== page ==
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Must-Have Items for Every Parents’ Medicine Cabinet

Many parents know the frustration of having a sick or injured child and not knowing what treatment to give to alleviate the child’s symptoms. Adding to their frustration is a frightening array of choices filling the shelves at any drugstore or grocery store.

According to Marcus DeGraw, MD, a board certified pediatrician at St. John Children’s Center – Macomb Township, each family should have a well-stocked first-aid supply that doesn’t include unnecessary supplies. He suggests the following supplies and medications for families with children.

Must-have medical supplies for children:

  • Sterile gauze, medical tape and bandages of all sizes for common cuts and scrapes.
  • Alcohol wipes, hydrogen peroxide and basic soap for basic cleaning of cuts and wounds.
  • Sharp scissors to cut dressings for wounds.
  • Tweezers to remove slivers or foreign objects from skin.
  • Instant cold packs for bumps and bruises and sprained ankles.
  • Thermometer for fevers (preferably one that can be used orally and is digital).
  • Plastic gloves for attending to wounds with blood.
  • Warms blankets and a flashlight with batteries.
  • Emergency contact numbers and the number for poison control (800) 222-1222.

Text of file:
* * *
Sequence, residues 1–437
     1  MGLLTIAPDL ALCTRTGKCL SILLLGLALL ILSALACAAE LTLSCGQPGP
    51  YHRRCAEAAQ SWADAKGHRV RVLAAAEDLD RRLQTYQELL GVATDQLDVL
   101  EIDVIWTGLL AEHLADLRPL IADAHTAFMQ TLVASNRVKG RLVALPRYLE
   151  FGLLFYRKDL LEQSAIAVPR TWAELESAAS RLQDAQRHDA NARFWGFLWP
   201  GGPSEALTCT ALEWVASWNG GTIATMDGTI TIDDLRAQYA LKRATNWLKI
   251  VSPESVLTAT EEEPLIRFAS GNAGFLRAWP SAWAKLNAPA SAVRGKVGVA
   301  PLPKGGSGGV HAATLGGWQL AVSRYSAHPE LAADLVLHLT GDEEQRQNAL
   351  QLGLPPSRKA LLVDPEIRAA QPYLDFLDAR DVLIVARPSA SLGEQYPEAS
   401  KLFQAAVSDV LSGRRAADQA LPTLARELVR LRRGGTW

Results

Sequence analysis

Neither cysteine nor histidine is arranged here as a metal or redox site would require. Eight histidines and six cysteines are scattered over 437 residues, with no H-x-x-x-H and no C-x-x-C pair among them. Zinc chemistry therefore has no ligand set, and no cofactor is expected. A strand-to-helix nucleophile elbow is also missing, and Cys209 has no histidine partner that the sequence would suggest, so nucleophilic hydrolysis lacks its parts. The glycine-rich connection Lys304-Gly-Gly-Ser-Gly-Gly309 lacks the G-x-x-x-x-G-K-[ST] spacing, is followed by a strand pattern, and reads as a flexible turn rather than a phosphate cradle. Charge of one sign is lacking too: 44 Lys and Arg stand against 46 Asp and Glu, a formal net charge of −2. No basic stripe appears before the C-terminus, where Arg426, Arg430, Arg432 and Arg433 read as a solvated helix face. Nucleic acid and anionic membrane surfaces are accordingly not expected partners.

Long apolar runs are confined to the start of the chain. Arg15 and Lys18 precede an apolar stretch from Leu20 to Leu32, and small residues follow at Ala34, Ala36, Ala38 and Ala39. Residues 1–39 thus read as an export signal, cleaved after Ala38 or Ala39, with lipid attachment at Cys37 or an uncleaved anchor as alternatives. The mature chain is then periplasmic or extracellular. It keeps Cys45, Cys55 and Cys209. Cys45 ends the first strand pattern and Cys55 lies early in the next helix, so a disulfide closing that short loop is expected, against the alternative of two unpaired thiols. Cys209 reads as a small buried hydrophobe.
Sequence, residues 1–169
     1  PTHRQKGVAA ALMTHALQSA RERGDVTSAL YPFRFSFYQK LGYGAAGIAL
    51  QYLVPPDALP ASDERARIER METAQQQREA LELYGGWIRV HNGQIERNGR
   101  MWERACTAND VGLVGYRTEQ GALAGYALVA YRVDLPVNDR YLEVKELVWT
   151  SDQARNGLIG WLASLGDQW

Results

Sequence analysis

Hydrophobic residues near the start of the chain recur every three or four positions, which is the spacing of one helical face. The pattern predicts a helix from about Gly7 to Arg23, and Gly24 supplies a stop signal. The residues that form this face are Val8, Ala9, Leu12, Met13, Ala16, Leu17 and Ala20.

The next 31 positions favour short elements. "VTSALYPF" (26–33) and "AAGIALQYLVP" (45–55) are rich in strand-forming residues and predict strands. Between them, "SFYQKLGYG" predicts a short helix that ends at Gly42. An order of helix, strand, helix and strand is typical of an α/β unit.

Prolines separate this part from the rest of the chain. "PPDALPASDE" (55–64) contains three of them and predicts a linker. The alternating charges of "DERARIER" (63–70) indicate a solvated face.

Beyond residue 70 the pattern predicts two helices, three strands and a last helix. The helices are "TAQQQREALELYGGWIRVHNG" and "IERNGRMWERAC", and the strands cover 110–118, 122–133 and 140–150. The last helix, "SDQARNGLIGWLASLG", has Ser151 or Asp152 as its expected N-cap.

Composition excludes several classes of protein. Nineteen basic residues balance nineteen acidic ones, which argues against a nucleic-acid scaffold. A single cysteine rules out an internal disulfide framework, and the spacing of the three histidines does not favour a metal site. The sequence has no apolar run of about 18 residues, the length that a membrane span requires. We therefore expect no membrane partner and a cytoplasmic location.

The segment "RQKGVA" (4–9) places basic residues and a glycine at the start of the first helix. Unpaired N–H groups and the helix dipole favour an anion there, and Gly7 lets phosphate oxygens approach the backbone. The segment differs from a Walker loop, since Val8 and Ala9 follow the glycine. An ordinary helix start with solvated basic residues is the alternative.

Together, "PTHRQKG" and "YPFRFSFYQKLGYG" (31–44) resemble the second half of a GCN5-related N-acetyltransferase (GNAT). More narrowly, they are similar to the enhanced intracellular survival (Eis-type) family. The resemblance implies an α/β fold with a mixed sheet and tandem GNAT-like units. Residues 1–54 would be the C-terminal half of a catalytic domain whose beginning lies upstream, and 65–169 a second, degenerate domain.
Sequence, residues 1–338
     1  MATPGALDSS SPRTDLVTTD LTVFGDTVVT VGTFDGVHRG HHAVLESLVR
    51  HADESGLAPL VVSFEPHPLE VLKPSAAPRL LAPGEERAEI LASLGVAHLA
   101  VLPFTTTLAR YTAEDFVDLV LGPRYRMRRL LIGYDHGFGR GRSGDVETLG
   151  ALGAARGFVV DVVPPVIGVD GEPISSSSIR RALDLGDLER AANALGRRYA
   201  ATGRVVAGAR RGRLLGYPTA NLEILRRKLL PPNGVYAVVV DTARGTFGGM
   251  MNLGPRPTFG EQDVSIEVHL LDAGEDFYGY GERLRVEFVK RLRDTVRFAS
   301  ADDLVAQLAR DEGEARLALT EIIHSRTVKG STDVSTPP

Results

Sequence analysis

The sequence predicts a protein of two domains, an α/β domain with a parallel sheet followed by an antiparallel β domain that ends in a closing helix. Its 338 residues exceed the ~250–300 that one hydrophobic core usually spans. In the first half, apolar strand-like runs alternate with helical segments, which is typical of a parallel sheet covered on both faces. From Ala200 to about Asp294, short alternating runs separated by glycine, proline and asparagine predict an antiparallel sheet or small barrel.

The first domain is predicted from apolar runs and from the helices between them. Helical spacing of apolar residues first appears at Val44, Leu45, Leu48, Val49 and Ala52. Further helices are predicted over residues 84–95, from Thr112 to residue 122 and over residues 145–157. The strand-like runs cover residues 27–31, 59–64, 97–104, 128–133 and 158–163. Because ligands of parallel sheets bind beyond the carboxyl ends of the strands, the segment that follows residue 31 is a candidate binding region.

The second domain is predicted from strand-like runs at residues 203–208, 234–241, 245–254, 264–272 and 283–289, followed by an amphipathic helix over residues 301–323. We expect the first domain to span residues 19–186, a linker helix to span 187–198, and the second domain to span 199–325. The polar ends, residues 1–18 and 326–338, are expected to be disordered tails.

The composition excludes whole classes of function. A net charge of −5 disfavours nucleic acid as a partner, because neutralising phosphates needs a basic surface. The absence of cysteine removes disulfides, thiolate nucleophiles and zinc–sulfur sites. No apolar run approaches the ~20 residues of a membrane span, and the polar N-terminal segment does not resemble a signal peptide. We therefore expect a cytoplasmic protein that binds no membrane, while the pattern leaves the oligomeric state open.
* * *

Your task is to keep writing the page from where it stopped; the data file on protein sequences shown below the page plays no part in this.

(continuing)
• Physician’s phone number and directions to nearest emergency room.

Must-have medicines for children

  • Pain relievers – acetaminophen (Tylenol) and ibuprofen (Motrin or Advil). Ibuprofen should only be used if child is more than six months old.
  • Skin creams including one percent hydrocortisone for itchy rashes and antibiotic ointments for cuts and scrapes.
  • Rehydration fluids for illnesses with vomiting or diarrhea (Pedialyte).
  • Extra prescription medicines (especially if your child has a chronic disease like asthma).
  • Cold medicines – most children need only a decongestant and a cough suppressant.
  • Benadryl – use for allergic reactions or nasal allergies, but only for children one year and older, unless directed by a doctor.
  • Teething gel for infants – use in small amounts.

Items to avoid giving children:

  • Laxatives – not to be used in children unless directed by a physician.
  • Anti-diarrhea medicines – ask a doctor first.
  • Syrup of Ipecac – once universally recommended for accidental poisonings, now avoid and call Poison Control instead.


Dr. DeGraw is one of the pediatricians at St. John Children’s Center, which is attached to St. John Medical Center – Macomb Township, and medical director of Pediatric Subspecialty Services at St. John Hospital and Medical Center. The address is 17900 23 Mile Rd., Suite 304 in Macomb Township. Phone is 586-898-9010. More information is available at www.stjohn.org/StJohnHospital/Specialties/Pediatrics/

In addition to general pediatrics, the St. John Children’s Center has specialists in the areas of infectious disease, endocrinology, cardiology, pediatric surgery, gastroenterology, neurology, nephrology, behavioral medicine, and pediatric hematology/oncology.

The Medical Office Building and St. John Medical Center – Macomb Township create a healthcare campus for northern Macomb County residents. The Center has a 24-hour emergency department, after-hours urgent care, outpatient surgery center, diagnostic imaging, outpatient lab, and the Eastside Endoscopy Center.


 

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